Mike's Personal Page


This year was a difficult one as we realize that Sara's MS is getting worse. Our MS-150 experience was a different one for us this year and we had our ups and downs for sure. The ups were that we managed to ride 90 total miles for the 2 days which was much better than I would have expected based on our training rides. The bad news is that we never made it across either finish line. Now this certainly is not the end of the world, but does add a feeling of failing when it comes to the ride. I have to slap myself on the face and say; It is not how much we can ride, but the fundraising we have done for the support of this terrible disease. We need to solve this puzzle before it is too late and the $5000 or so dollars we will raise annually hopefully will get us there sooner.

We find it hard to do many of the day to day things that so many take for granted.

Like a nice walk after work on a wonderful evening in the country hand in hand.

Like a ski vacation where we take on the Rockies.

Like hitting the lake with our boat and doing some water skiing.

Like going to an event like the Taste-of-Madison or Art Fair on the Square which require allot of walking.

Like taking our dog for a nice long walk thru the woods.

Like skydiving.

Like riding a standard upright bike.

Like taking our Moped for a cruise.

Like cooking a big meal for some friends.

Like shopping and taking a cart just to have something to hang on to while walking thru the store even when needing only one item.

Like eating out more than most because it is just to fatiguing to make a meal.

Like crawling to the bed to recover after a shower.

Like un-expected falls that are down right scary and dangerous.

These are just a short list of examples of simple everyday things that we all do without giving it a thought. We don't even realize how life may be NOT able to do these simple things. Imagine the frustration that must go along with feeling like you can't do much of anything. I see it on a daily basis and I can't figure out how she can hold it all together and keep on going. I think I would be mad at the whole world and just a bitch to be around.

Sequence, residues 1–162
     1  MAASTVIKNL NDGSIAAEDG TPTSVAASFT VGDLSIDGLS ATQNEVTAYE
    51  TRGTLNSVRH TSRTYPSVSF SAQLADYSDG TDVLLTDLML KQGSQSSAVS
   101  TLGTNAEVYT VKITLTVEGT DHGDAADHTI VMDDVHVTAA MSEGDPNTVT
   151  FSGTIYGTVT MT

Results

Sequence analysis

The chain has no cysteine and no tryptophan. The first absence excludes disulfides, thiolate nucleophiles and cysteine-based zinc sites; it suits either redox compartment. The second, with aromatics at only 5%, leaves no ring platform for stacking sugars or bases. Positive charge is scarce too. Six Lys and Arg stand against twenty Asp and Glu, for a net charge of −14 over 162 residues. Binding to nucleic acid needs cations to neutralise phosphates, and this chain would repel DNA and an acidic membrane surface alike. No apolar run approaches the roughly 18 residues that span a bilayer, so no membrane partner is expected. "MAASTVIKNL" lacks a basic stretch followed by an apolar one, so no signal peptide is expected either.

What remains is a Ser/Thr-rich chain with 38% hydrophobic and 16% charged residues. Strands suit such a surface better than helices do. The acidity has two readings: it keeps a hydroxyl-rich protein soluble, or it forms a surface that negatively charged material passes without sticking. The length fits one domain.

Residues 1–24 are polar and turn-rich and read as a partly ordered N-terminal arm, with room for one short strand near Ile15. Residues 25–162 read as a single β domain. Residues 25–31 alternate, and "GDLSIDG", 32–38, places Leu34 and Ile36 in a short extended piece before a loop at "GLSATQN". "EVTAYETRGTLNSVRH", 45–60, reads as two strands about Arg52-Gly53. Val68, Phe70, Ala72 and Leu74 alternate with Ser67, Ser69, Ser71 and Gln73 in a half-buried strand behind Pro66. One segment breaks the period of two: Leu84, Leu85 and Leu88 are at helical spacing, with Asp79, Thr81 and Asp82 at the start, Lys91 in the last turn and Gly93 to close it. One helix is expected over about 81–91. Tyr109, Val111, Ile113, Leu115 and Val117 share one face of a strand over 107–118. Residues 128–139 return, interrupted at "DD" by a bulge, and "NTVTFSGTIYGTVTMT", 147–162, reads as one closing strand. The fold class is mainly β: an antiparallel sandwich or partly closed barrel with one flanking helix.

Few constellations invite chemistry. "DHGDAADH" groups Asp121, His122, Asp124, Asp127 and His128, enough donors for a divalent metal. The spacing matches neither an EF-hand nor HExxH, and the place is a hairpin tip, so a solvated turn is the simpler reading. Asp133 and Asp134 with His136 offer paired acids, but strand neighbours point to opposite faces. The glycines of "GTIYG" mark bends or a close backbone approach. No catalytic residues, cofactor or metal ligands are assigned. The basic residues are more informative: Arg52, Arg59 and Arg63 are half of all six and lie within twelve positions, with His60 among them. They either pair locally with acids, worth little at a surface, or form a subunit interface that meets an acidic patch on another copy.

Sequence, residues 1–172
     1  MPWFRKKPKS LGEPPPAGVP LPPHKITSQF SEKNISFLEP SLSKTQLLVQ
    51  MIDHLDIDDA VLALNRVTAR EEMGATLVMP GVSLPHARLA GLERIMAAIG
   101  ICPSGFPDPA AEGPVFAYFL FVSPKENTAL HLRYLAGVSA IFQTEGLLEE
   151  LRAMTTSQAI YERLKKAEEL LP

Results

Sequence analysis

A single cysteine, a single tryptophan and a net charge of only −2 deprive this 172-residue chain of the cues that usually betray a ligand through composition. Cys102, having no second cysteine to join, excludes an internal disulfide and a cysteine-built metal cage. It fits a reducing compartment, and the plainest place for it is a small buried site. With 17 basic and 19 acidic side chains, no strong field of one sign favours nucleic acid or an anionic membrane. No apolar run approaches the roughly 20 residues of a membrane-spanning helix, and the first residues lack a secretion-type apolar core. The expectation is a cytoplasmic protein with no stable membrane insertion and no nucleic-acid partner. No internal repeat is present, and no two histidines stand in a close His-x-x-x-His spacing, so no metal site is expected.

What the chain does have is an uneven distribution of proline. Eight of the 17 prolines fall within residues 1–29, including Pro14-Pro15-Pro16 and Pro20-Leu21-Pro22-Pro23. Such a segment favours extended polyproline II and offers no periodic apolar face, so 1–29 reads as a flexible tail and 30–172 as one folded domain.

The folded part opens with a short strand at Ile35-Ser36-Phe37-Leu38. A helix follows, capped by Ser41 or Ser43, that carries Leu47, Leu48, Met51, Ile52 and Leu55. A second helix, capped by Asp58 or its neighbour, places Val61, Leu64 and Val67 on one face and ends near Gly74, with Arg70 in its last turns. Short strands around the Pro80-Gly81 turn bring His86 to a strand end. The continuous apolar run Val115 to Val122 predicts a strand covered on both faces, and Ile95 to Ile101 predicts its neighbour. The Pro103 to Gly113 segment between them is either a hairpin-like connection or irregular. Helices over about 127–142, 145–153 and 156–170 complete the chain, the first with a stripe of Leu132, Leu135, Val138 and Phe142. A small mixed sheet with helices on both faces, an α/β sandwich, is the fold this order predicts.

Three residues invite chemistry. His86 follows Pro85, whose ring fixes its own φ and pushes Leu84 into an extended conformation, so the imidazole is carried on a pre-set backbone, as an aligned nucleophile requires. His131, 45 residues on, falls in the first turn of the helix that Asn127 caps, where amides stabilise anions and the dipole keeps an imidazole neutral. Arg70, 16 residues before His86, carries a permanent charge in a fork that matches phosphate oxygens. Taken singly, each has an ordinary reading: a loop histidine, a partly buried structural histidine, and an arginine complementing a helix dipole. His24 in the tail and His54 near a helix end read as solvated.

I guess we all have to come to terms with our own lot in life. We can't predict or explain why she or anyone else for that matter gets MS, but hopefully that will change soon. Most of you probably don't know what MS really is, as it is such a complex disease but here is a short layman's explanation. We all know about our immune system and if you asked most of us what it does the answer would be something like; It "protects" us from bad stuff. This is totally correct. It "protects" us by attacking bad things that we are exposed to so we stay safe. When a person has MS, immune cells called "T" cells also attack a good thing and that is Myelin. Myelin is a substance that surrounds and protects our nerve fibres. When the Myelin is damaged the nerve fibres loose there protective coating and now become susceptible to short circuit. When Sara gets fatigued, the electronic impulses from her brain to her legs, arms, hands gets interrupted and the communication is lost resulting in loss of balance, falls, needing a cane for balance, etc.  So basically, when you have MS, your own immune system that is there to protect you is also attacking you in a way that leads to clinical symptoms. We don't know why some get MS and some don't and why more women get MS than men, but we do know that MS is non-discriminatory and can affect any of us.

MS is difficult to conquer because it is so different for each person. Diagnosis has become much better and definitive with the MRI, but the symptoms can be anything from a mild numbing of the fingers to being restricted to a wheel chair or even blindness. But even with these challenges, researchers are making progress each and everyday to try to find the golden nugget that will solve this puzzle. This is where your dollars come in. They are badly needed to keep the research going and are the fuel for the cure we all strive for.

Next year we will train again and give it our best shot as this ride means the world to us. Thank you to all of our friends who have rallied around Sara and given her their support, both emotionally and financially. She really could not do it each day without all of you helping us move towards a cure.